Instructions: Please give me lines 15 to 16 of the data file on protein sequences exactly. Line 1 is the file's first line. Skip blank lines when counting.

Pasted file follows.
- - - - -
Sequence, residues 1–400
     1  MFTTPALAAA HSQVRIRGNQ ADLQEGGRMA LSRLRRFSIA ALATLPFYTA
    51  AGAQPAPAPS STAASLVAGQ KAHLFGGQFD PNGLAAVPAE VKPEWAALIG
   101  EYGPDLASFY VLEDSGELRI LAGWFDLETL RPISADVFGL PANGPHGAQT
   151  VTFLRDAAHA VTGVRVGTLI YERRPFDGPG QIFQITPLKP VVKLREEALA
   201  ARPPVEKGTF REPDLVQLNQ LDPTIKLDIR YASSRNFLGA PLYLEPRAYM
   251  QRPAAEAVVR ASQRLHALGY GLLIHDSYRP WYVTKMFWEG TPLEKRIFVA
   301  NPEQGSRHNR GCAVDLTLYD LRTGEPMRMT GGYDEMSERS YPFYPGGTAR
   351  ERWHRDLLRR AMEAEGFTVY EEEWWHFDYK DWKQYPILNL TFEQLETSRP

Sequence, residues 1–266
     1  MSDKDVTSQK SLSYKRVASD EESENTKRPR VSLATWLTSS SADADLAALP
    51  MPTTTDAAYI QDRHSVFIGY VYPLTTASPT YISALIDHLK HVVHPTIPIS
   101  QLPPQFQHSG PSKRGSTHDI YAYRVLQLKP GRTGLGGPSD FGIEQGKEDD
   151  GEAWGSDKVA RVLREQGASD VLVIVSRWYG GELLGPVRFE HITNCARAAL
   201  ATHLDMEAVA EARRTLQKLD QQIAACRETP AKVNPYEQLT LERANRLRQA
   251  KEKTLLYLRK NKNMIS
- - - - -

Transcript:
   201  ATHLDMEAVA EARRTLQKLD QQIAACRETP AKVNPYEQLT LERANRLRQA
   251  KEKTLLYLRK NKNMIS